Reviewing the reviewer
I am writing in response to the review of my book The Ambush, which appeared in the August issue of your magazine. Laurence Jenkins accuses me of “the clumsy telling of a not-very-interesting story”. Let’s take a look at his review. He states that the Nicaraguan girl was raped and murdered by Sandinistas, when it is perfectly clear on p77 that the atrocity was committed by the Contra forces, the opposing side. One wonders whether he understood my book at all. Was this error “clumsy reviewing” or sheer mischievousness?
He says certain characters are “thinly disguised copies of Maugham and Greene creations.” Well, that’s news to me. I’ve read no Maugham and little Greene, and I own books by neither. My characters might not be the greatest creations in New Zealand literature but they come from my own imagination and observations both here in Mexico and in Nicaragua, during the civil war there. I was not trying to “emulate” any “models”, but simply tell a straightforward anti-war story in a slice-of-life format.
Your reviewer says Quentin Symes is “improbably named”. Why so? I chose Quentin because it suggests the more thoughtful side of the man’s character and Symes to represent the more practical, down-to-earth side of him. Quentin also word-associates with “Question”, because he was, after all, a rather enigmatic character. The full name, to me, is no more improbable than “Laurence Jenkins”, which has the same structure – a not very common first name and a very ordinary surname.
Propagating the myth
I am concerned that you should have published a review that so badly misrepresents a book as does Russell Walden’s review of Ian Lochhead’s A Dream of Spires: Benjamin Mountfort and the Gothic Revival (August issue). I write to complain not about the factual inaccuracies in the review (inexcusable as they are) but about the propagation of a myth that has gravely distorted the study of New Zealand architecture.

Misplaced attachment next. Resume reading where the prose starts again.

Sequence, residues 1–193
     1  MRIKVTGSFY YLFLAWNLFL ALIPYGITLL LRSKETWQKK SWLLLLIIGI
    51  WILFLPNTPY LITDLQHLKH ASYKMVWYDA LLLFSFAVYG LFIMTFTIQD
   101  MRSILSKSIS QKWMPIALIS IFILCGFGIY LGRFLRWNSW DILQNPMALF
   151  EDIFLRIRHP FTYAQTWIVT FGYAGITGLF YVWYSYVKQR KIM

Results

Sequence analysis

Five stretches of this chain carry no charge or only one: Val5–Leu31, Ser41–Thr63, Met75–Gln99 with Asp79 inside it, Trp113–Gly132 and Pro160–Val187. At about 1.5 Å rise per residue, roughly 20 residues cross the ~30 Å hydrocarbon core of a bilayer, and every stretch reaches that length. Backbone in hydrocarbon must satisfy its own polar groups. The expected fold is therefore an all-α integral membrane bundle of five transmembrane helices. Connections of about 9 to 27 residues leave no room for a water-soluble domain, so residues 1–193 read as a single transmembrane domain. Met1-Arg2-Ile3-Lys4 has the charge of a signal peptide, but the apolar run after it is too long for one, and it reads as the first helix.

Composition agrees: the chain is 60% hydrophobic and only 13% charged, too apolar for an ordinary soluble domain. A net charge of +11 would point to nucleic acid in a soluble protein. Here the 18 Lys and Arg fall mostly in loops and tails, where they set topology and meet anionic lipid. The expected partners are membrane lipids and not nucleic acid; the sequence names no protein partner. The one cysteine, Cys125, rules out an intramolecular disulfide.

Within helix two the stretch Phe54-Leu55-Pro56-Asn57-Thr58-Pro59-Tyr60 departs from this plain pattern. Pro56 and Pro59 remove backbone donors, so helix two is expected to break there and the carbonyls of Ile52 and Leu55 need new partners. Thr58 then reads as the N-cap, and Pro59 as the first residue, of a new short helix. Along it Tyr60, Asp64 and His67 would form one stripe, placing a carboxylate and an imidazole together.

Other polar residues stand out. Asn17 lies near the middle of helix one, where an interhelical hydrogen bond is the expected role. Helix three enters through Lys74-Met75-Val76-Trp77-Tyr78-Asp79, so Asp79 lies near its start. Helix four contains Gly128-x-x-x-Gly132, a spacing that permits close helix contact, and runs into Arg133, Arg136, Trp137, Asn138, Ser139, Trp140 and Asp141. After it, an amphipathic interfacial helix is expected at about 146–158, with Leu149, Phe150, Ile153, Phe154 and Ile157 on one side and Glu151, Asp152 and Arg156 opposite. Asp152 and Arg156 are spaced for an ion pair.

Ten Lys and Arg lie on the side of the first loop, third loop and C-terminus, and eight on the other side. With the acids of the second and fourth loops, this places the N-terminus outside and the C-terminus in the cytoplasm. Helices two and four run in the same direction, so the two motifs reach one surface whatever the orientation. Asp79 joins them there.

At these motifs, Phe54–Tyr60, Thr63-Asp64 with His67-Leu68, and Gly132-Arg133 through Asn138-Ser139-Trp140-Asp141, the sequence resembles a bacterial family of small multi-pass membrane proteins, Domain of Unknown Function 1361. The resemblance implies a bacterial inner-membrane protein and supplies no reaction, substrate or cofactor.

The myth is that the only authentically New Zealand buildings are the simple wooden cottages and churches built by the country’s pioneers, and the later buildings inspired by or derived from these cottages and churches: the houses, primarily, of New Zealand modernism. The myth is explicit in Walden’s assertion that Mountfort’s own best buildings are his small, unpretentious, timber churches in which “everything is conditioned by the need for reduction to the barest essentials”.
It is simply absurd to say that the “real” Mountfort was the architect who designed simple country churches. The proper approach (which Lochhead took) is to look at all the buildings Mountfort designed and not try to remove from his oeuvre, or write out of New Zealand’s architectural history, buildings that do not conform to the restrictive point of view of the champions of modernism. New Zealand’s architectural history is much more varied and complex than allowed by a belief that its only interesting feature is the development of a recognisably indigenous style. New Zealand’s 19th century architects built architecturally sophisticated cities, and to pretend they didn’t is to miss the main plot.
Also disquieting in Walden’s review is his misrepresentation of Lochhead’s intentions. I read A Dream of Spires without ever detecting that Lochhead was attempting, as Walden alleges, “to convert us to the idea that … Mountfort is New Zealand’s finest colonial architect”. The purpose of studying architectural history is not to judge between architects. The false assumption that Lochhead was promoting Mountfort to belittle Thatcher leads Walden to make the snide, and offensive, comment that “clearly Lochhead does not know the serene quality of Thatcher’s work”.
My own conclusion, after reading Walden’s review, is that he does not know the sublimity of Mountfort’s Provincial Government Buildings, the originality of his Trinity Church, or the majesty of his Great Hall.